And we hear about our anointing and we remind ourselves of that this evening in a fractured world. The harsh light of the pandemic illuminated so many cracks in our society and in our Church. A terrible war has broken out in Ukraine. And people stand this evening in danger of even greater slaughter. That violence is duplicated in other countries of the world today.
It’s well known I think that the world is in urgent need of brotherhood and sisterhood. And yes, without realizing it, the world yearns to meet Jesus. But how can this encounter happen?
(Pope) Francis invites us to listen to the Holy Spirit together with the whole People of God, so as to renew our faith and find new ways and languages to share the Gospel with our sisters and brothers.
The synodal process that Pope Francis is proposing to us has precisely this objective: to set out, together along the same road in mutual listening, in sharing ideas and projects, to show the true face of the Church: a welcoming home, with open doors, inhabited by the Lord and illuminated by the love of sisters and brothers.
One of my brothers in the sanctuary here said once so eloquently, “this cathedral is the most beautiful in the United States and five feet longer than Saint Patrick’s, but it is most beautiful when its doors are open to welcome all.”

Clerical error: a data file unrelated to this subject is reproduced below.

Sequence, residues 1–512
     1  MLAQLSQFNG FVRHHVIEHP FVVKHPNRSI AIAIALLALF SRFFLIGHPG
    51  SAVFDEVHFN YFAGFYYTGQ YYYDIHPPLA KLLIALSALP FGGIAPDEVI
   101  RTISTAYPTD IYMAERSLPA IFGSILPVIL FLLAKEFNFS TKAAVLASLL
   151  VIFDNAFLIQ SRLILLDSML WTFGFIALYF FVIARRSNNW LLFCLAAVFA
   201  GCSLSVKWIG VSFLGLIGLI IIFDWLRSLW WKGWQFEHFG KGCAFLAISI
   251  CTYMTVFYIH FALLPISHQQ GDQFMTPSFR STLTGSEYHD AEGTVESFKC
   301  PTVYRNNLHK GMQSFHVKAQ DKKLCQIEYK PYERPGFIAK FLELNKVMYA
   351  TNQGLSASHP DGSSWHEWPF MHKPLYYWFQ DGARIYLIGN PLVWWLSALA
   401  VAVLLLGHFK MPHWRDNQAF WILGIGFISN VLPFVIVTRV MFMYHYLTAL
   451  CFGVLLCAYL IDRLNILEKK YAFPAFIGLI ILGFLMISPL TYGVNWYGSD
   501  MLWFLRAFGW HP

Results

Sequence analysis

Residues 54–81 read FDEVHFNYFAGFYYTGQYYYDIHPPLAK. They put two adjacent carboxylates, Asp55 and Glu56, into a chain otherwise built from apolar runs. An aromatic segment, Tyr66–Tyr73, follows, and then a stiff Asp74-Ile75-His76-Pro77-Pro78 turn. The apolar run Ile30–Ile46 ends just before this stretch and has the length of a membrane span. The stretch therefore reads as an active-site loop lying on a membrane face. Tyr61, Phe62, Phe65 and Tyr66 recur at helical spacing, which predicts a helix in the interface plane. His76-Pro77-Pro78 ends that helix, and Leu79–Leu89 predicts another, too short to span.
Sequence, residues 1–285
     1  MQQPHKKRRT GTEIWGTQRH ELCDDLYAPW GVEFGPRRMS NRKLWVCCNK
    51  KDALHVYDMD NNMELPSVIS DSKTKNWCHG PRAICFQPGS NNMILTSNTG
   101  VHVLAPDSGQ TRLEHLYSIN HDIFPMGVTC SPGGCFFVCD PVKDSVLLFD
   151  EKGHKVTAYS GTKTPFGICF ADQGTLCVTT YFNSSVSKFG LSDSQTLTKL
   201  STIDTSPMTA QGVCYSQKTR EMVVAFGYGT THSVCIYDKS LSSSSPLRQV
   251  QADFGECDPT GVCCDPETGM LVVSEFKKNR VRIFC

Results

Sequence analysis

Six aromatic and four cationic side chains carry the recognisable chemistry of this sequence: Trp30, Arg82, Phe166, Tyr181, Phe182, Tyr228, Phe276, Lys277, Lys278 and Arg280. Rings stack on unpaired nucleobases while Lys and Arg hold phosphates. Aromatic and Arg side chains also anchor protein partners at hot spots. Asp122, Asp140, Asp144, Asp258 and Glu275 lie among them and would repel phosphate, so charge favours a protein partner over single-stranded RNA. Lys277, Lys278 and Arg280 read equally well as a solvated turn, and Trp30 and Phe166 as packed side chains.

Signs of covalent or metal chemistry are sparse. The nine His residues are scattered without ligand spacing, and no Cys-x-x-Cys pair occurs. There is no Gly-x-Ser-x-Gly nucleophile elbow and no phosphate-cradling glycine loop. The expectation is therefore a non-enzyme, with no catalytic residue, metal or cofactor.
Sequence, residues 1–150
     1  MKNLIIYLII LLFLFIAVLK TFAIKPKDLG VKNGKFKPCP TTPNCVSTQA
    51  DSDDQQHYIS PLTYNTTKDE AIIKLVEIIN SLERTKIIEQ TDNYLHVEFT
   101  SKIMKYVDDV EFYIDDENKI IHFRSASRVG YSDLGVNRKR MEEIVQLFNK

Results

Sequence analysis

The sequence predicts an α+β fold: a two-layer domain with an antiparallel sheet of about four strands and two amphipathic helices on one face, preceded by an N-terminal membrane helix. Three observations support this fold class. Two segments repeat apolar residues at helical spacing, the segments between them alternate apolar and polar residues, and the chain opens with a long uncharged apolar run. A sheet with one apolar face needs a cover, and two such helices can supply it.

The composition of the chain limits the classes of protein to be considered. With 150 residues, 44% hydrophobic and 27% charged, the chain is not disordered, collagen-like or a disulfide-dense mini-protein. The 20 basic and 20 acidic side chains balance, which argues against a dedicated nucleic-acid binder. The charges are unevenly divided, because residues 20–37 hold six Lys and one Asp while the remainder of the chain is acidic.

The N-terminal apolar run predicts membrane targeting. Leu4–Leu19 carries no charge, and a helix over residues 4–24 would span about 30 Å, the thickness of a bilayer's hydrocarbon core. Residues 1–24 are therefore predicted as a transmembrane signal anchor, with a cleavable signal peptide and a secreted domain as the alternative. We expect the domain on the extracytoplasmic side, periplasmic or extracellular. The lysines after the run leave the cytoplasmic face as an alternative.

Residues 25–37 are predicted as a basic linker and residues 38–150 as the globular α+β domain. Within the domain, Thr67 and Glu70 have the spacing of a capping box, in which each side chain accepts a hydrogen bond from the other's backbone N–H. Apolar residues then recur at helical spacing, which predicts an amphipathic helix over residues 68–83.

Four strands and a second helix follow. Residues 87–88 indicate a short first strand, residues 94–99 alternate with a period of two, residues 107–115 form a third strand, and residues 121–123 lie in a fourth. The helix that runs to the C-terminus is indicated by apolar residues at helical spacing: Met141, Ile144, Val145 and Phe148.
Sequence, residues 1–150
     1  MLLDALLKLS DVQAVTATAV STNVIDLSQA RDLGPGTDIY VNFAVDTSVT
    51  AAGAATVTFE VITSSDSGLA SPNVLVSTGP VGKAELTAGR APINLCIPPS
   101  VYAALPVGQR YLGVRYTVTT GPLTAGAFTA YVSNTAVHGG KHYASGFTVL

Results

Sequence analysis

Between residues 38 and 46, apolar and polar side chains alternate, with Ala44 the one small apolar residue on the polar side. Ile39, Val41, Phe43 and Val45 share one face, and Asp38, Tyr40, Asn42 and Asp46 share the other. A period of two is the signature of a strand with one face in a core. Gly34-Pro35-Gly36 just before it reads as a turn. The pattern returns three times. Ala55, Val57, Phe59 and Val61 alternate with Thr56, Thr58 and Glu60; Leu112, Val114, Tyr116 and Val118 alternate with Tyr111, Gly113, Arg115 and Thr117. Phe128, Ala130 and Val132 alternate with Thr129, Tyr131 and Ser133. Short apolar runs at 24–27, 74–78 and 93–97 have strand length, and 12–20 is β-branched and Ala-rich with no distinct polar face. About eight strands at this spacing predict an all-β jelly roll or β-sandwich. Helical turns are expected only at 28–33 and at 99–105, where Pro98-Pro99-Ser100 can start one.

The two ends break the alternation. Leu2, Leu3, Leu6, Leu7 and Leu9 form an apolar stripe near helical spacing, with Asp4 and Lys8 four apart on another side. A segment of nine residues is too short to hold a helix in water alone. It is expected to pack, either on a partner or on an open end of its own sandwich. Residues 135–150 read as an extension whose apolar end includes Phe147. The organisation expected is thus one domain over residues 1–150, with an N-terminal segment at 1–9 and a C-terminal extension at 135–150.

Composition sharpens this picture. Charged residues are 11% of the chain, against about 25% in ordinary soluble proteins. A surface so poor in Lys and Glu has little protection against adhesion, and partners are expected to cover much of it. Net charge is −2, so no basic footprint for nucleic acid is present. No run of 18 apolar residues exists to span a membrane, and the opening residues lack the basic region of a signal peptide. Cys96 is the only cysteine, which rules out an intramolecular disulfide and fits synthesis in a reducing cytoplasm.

There are plenty of risks that could sidetrack this journey: a formalism, which reduces the Synod to an empty slogan; an intellectualism, which makes the Synod simply a theoretical reflection on problems and agendas; and rigidity, nailing us to the security of our habits confident that nothing really changes - it is important to open our hearts and listen to what the Spirit is suggesting to the churches today. For today this scripture is fulfilled in our midst. Today is the day of salvation. (Rev. 2:7).
Obviously, in the face of this journey, some fears may beset us. And since at the Chrism Mass we who serve the Church in ordained ministry renew our commitment maybe we should face possibly some of our own fears.